'I know people who have never recovered': Seth Rogen on the 'devastating' impact of bad reviews
Seth Rogen finds bad reviews "devastating".
The 'Fabelmans' actor admitted it "f****** sucks" to have his movies publicly savaged by critics and claimed he has peers who have "never recovered" from facing harsh comments about their work.
Speaking on 'The Diary of a CEO' podcast, he said: "I think if most critics knew how much it hurts the people that made the things that they are writing about, they would second guess the way they write these things.
"It's devastating. I know people who have never recovered from it honestly — a year, decades of being hurt by [reviews]
"It's very personal…. It is devastating when you are being institutionally told that your personal expression was bad, and that's something that people carry with them, literally their entire lives, and I get why. It f****** sucks."
The 40-year-old actor recalled the "pretty bad" reviews his 2011 movie 'The Green Hornet' - which also starred Cameron Diaz and Jay Chou - received, and though he felt people were "taking joy" in criticising the film, he did take some positives from the project.
He said: "For 'Green Hornet', the reviews were coming out and it was pretty bad. People hated it. People were taking joy in disliking it a lot.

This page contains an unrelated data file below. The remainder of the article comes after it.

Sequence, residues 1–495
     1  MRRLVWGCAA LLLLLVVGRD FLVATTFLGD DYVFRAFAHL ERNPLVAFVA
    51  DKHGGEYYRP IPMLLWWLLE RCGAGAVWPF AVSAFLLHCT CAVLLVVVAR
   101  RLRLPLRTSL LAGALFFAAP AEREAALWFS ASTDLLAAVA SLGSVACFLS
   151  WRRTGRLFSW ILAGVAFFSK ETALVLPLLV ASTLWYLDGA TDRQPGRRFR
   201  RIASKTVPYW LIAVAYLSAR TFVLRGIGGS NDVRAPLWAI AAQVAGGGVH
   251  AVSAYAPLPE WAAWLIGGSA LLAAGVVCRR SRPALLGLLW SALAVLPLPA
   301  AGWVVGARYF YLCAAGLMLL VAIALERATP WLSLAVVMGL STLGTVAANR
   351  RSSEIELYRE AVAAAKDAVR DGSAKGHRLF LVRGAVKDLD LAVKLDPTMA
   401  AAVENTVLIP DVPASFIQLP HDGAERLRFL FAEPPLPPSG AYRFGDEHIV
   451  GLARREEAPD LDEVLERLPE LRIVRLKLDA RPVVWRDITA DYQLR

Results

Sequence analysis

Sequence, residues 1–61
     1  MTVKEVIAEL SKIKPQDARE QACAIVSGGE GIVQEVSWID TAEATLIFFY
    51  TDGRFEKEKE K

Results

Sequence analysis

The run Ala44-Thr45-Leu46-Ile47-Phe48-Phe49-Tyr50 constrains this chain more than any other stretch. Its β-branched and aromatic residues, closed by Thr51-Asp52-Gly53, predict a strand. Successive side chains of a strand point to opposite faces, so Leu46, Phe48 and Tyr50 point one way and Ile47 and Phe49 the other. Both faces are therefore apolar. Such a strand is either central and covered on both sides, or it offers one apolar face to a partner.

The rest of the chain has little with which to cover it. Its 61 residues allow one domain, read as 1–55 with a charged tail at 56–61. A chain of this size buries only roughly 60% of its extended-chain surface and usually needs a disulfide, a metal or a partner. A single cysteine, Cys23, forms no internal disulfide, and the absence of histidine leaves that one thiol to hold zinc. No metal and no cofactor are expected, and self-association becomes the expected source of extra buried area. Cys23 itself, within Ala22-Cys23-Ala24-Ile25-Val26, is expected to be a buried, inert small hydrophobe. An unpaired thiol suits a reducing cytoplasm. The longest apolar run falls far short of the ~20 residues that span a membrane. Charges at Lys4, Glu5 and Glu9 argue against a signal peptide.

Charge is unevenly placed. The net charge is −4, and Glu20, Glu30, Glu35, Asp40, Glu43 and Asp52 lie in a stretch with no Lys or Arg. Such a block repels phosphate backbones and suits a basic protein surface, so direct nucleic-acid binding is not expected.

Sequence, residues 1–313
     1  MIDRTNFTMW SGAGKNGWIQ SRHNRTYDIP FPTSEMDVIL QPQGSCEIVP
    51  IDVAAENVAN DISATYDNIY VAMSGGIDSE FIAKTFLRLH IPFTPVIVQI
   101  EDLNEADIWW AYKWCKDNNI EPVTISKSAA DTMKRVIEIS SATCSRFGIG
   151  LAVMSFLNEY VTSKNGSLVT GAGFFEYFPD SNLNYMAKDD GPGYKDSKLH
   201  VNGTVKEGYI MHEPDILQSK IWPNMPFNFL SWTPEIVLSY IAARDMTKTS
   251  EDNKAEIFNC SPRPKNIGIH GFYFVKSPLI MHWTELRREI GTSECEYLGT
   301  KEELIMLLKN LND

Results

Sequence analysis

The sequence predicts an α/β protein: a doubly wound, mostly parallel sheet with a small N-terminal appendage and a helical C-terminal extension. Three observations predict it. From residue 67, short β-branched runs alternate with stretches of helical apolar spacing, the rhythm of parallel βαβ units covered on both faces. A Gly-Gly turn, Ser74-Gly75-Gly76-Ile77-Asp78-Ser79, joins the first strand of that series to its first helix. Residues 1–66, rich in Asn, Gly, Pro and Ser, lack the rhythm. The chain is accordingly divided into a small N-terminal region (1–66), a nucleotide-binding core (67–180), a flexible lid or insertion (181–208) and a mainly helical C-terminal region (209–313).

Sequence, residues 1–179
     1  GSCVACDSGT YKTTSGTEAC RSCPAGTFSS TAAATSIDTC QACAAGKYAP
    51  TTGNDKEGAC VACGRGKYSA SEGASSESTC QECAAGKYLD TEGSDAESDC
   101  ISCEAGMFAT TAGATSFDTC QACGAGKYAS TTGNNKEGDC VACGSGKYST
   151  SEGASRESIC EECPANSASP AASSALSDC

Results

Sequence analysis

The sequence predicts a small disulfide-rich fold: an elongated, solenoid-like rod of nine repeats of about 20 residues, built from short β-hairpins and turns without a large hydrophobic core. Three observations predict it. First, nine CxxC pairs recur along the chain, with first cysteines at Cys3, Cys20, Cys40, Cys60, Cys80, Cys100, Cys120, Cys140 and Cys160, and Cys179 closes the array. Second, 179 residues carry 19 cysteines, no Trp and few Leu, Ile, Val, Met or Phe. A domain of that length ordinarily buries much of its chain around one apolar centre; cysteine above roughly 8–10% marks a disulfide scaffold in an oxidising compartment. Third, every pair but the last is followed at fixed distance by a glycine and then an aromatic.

"But it opened to like $35 million, which was the biggest opening weekend I'd ever been associated with at that point. It did pretty well. That's what is nice sometimes. You can grasp for some sense of success at times."
However, Seth felt the attacks on his and James Franco's 2014 comedy 'The Interview' were "more personal" because the critics had questioned their creative tastes.
He explained: "That felt far more personal. 'Green Hornet' felt like I had fallen victim to a big fancy thing. That was not so much a creative failure on our parts but a conceptual failure. 'The Interview', people treated us like we creatively failed and that sucked."
But the 'Sausage Party' star has found the best way to recover from negative reviews is just to keep working.
He said: "That's another funny thing about making movies … life goes on.
"You can be making another movie as your [current] movie is bombing, which is a funny thing. It's bittersweet. You know things will be okay. You're already working.
"If the fear is the movie bombs and you won't get hired again, well you don't have to worry about it. But it's an emotional conundrum at times."